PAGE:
Feb 9, 2024

Youth & Truth in Northern Ireland with Dr. Jocelyn Dautel (podcast)

Empowering youth to think critically about the information they receive and share may help reduce polarization in Northern Ireland's historically divided society.

By Templeton Staff

Can empowering youth with critical thinking skills help reduce polarization and lead to an increase of human flourishing in the historically divided society of Northern Ireland?

Researcher Dr. Jocelyn Dautel is hopeful that if Northern Ireland can evolve beyond sectarian division, the country — and its youth — could serve as a global model of peace and reconciliation.

In 1922, after years of war against British rule, 26 of Ireland's 32 counties separated from the British government to form the Republic of Ireland. The remaining six counties in Northern Ireland, predominantly Protestant and loyal to Britain, remained part of the UK, creating a border on the island. Northern Ireland's population was predominantly Protestant Unionists, and the Catholic Irish Separatists faced discrimination and restrictions. Inspired by the US Civil Rights movement, Catholics organized marches in the 1960s. This was met with violence from British forces, sparking a period known as The Troubles. Over the next three decades, Northern Ireland faced intense civil conflict and bloodshed. In 1998, the Good Friday Agreement, a peace accord between the British and Irish governments and eight political parties or groupings from Northern Ireland, was voted in. The agreement formally recognized Northern Ireland's multiple identities, enabling residents to identify as British, Irish, or both.

Decades after this vote for peace, young people still live at "a complex intersection of cultural, national, and political backgrounds, all linked to the historic conflict," says Dr. Jocelyn Dautel, an American researcher and Senior Lecturer in the School of Psychology at Queen’s University Belfast. Dautel is studying how Northern Ireland’s divisions continue to impact the way young people consume and share "truths" about their nation’s history, and how educators are confronting their own beliefs and biases in the classroom.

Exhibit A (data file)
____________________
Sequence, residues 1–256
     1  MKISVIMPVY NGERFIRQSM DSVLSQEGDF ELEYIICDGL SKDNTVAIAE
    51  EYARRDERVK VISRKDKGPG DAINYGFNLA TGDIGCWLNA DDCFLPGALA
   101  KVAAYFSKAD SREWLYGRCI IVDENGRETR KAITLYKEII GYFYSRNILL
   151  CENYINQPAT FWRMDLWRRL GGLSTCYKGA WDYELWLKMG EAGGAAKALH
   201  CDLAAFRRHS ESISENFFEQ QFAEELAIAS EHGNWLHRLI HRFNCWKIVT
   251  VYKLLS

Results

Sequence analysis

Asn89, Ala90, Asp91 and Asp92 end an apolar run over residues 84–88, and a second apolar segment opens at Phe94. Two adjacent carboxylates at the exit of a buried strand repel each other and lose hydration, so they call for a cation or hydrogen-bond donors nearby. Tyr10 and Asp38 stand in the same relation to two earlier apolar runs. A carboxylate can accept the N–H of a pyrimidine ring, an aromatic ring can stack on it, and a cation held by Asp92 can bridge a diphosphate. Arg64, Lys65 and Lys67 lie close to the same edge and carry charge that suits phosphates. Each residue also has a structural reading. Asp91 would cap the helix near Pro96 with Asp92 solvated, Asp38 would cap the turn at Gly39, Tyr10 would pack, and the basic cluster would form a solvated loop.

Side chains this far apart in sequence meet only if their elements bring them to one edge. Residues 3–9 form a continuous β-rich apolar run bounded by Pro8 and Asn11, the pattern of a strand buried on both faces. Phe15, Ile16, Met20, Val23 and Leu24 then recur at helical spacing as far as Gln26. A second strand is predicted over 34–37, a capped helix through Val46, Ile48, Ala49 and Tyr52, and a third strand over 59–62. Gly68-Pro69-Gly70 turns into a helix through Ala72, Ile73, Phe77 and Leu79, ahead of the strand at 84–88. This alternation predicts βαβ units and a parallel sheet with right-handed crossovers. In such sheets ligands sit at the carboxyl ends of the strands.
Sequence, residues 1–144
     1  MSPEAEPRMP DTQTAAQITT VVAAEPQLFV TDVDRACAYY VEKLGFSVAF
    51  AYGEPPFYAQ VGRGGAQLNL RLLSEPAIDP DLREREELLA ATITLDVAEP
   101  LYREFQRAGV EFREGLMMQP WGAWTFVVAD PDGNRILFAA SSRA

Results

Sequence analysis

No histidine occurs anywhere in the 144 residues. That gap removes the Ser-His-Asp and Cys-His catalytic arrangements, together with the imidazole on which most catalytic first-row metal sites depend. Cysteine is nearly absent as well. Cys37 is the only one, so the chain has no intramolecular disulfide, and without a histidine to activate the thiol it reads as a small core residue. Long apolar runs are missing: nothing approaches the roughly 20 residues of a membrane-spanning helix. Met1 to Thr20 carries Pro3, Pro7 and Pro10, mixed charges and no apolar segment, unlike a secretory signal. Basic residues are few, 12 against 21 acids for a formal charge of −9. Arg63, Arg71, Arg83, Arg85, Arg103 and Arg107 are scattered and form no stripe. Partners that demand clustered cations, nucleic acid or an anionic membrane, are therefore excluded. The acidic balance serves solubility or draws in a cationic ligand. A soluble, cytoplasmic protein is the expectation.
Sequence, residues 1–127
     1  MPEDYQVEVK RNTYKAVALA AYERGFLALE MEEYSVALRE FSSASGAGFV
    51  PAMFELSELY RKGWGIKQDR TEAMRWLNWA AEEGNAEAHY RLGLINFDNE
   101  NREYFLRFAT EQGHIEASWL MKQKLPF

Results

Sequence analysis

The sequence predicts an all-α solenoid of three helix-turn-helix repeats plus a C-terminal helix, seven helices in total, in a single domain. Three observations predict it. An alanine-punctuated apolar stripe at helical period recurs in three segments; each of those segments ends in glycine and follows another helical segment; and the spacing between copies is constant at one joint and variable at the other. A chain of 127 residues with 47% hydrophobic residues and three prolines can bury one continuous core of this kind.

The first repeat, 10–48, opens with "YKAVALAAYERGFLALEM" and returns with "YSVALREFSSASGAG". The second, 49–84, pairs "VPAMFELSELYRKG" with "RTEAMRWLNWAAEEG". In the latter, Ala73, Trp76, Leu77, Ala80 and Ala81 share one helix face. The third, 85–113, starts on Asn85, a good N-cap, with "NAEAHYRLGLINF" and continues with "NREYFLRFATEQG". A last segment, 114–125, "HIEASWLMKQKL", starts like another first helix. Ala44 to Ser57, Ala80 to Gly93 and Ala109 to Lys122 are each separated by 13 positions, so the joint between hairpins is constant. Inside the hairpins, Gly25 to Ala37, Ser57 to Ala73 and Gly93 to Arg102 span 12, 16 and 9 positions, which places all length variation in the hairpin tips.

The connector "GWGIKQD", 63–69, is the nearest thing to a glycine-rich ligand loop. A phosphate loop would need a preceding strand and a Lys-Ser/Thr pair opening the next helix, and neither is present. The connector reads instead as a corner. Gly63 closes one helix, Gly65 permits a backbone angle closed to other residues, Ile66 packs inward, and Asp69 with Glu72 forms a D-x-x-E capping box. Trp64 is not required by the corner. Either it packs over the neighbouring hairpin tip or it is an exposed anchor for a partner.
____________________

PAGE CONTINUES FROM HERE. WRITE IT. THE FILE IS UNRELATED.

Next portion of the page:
Listen to the episode with the player above to learn about Dr. Dautel's research project. You'll also hear from participating students and teachers.

Key Takeaways:

In Northern Ireland, "where young people are modernizing, they have new tools at their hand. They have information abundant to them, yet they're constrained by a long and complex history of conflict in society that might limit the information they have available to them across many levels of society," says Dautel. There's division in the institutions, segregation in schools, in towns. The education system is "divided, where there are different types of schools, and there’s also a division as to which history module the schools choose to teach," says Dautel. "Catholic-maintained schools tend to teach a history module more focused on a period around The Troubles in Northern Ireland, while state-controlled schools that tend to be predominantly Protestant, are split in whether they teach this module about the history of the Troubles, or potentially, a module that covers the period of the world wars in Northern Ireland."